If there is one thing worth leaving your house for on a day so cold that Boston Public Schools are actually closed, it is a bar full of women talking about the growing cannabis industry. That is exactly what is happening tonight from 6:30-9pm at The Point, on Hanover Street in Boston, as the first meeting of the Women Grow Boston Chapter takes place. The group is a national network of female entrepreneurs working in the cannabis industry. Women Grow co-founder Jane West says she hopes young, professionals, who are curious will attend. Admit it, you’re curious already.
The event is the first in a regular monthly series and features networking opportunities and industry perspectives from two guest speakers–former law enforcement agent Michael Whittaker and award-winning legalization advocate Shaleen Title. Event info can be found at the Women Grow Boston Chapter event page.
Boston Chapter President Ally Zapp says that this is an important time for the cannabis industry in Massachusetts. Incoming governor Charlie Baker has said that he will vigorously oppose marijuana legalization, but has committed to “jump start” the stalled medical marijuana roll out.
Women Grow’s expansion into Boston represents the most recent addition to the rapidly growing organization. The group was founded in Colorado in August of 2014, with a small amount of “seed money.” According to West, the chapter membership has doubled each month. West, a self-described cannabis user, was never involved in the marijuana business nor any efforts to legalize the drug until recently. Just over a year ago she started a cannabis event production company called Edible Events. It led her to other opportunities that allowed her to take seek deeper involvement in the cannabis arena.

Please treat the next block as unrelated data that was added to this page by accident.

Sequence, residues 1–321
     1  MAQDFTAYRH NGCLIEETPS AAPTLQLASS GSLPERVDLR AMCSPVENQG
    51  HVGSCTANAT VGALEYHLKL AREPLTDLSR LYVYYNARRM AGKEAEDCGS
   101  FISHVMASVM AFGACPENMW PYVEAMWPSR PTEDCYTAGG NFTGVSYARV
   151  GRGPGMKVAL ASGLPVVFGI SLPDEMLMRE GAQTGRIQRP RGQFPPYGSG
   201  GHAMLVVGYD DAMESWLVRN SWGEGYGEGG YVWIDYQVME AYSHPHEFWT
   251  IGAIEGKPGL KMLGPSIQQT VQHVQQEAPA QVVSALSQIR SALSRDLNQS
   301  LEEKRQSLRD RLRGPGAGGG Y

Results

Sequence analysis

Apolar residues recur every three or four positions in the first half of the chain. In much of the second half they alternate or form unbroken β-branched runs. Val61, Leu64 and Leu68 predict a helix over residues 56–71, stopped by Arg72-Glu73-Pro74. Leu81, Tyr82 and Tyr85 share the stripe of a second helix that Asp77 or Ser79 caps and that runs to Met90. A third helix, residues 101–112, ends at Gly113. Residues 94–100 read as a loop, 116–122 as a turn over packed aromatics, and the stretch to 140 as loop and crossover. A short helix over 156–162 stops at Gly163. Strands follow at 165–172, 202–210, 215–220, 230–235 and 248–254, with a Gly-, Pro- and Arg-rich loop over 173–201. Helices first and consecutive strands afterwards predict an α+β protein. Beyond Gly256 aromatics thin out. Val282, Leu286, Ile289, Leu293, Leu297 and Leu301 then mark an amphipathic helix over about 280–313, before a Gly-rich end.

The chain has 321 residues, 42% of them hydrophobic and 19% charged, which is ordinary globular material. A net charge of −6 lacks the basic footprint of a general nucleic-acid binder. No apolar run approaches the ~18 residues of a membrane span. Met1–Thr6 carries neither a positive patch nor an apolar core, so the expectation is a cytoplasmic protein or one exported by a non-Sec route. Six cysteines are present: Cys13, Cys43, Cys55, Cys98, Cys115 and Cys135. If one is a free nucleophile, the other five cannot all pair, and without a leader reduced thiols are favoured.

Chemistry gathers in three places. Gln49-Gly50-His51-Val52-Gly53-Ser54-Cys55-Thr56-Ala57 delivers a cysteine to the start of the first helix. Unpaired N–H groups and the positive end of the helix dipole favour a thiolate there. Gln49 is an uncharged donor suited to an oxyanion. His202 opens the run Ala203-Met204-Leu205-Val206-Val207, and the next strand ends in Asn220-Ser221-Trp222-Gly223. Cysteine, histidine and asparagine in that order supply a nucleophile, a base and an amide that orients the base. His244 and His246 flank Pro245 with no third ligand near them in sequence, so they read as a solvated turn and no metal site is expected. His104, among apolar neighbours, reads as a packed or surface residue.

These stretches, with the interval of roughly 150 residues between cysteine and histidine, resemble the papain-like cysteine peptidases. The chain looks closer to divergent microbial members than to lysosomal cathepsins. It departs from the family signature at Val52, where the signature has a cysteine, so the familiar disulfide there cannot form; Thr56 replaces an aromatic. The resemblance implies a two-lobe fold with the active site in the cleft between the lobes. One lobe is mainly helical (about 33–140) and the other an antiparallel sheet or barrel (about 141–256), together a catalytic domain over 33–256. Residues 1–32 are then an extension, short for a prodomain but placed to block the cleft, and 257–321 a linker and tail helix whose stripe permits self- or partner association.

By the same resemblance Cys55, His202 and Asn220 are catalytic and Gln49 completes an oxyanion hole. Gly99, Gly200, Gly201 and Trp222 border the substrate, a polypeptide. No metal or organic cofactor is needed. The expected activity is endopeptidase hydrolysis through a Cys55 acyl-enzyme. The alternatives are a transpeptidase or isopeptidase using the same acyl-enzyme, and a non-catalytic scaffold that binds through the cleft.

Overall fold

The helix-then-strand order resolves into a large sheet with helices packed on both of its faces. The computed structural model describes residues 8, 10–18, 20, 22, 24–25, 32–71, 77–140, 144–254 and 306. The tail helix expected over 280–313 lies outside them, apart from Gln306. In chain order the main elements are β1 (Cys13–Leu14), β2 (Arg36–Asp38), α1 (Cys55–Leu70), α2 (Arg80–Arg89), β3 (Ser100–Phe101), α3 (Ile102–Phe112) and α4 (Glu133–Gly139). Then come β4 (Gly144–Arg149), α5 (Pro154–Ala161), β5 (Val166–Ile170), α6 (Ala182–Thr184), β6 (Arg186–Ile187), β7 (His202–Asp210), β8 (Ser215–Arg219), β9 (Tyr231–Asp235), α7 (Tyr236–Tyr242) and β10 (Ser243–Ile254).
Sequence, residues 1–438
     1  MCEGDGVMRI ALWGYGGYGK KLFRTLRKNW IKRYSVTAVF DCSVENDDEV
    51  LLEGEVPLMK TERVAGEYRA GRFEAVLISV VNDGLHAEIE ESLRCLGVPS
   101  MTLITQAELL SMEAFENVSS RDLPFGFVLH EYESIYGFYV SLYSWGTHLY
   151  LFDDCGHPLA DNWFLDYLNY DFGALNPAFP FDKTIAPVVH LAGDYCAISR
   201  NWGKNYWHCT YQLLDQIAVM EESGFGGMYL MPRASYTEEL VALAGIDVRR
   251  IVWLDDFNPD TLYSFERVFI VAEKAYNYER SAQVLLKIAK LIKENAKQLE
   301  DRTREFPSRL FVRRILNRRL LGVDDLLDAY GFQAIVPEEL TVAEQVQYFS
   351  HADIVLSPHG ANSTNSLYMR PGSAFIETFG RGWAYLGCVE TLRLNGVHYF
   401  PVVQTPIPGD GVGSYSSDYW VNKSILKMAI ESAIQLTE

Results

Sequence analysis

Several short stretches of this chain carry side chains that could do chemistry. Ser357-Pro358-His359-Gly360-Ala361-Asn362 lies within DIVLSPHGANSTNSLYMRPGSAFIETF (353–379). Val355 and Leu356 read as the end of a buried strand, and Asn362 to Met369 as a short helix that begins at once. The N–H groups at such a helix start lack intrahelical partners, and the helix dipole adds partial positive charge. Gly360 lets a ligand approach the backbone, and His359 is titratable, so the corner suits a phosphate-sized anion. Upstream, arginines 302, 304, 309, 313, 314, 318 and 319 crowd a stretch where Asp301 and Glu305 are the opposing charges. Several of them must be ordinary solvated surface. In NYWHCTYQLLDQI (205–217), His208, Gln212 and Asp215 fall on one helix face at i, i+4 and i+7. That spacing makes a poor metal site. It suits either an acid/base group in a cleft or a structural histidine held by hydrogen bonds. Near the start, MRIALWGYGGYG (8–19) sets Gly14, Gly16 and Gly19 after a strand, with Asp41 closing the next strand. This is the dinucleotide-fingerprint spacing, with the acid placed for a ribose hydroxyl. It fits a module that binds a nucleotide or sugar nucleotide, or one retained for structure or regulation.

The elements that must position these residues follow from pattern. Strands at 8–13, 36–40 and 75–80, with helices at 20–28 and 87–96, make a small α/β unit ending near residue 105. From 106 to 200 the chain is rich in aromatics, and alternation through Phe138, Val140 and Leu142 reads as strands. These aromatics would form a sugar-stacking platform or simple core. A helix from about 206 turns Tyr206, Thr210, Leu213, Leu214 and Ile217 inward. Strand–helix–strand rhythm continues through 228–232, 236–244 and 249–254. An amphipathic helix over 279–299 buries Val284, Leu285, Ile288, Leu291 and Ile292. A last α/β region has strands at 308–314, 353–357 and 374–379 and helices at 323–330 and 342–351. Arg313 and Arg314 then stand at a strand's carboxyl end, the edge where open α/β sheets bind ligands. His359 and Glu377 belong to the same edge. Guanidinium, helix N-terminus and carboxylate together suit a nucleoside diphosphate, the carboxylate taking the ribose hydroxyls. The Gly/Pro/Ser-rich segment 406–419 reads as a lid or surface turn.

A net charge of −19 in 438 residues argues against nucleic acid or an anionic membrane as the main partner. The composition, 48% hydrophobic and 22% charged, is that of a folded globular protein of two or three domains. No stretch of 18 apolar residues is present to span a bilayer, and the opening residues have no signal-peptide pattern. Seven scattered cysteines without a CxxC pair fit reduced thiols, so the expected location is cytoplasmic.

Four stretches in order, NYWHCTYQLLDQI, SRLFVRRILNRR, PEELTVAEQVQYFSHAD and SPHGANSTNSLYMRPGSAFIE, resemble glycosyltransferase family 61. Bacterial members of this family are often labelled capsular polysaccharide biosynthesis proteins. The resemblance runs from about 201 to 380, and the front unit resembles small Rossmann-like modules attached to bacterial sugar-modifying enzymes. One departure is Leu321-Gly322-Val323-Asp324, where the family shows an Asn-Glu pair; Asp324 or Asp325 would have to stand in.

While running her new business, West noticed that the existing cannabis industry was fragmented. There was no good way for entrepreneurs to connect. She also saw that males dominated the industry. These two observations presented Women Grow co-founders West and Jazmin Hupp with the opportunity to form a professional networking group, with the intent of bringing together women from all aspects of the cannabis industry.
West explains that she wants Women Grow to help women in the cannabis industry to be able to build business relationships that foster trust and understanding. She sees this as the glue that will help women gain a better foothold in the blossoming industry. West believes that cannabis will continue to grow in popularity and will be legalized on a national level. She predicts that cannabis will take the place of alcohol and anti-depressants for many American women (West notes that she is thirty-eight and women her age are the most likely to be prescribed anti-depressants) in the near future. Women Grow is helping to support this transition by raising awareness and promoting marijuana as an alternative booze and Prozac.
West says that there are many groups that are trying to capitalize on the nascent cannabis industry, but Women Grow is interested in bringing women in the cannabis industry together and breaking down barriers for those living in states with stringent marijuana laws. She stopped short of calling Women Grow altruistic, but emphasized that her organization was concentrated on the mission.
“Women are the majority voters in this country” West noted, “and the key to advancing legalization.”
Photos Courtesy of Women Grow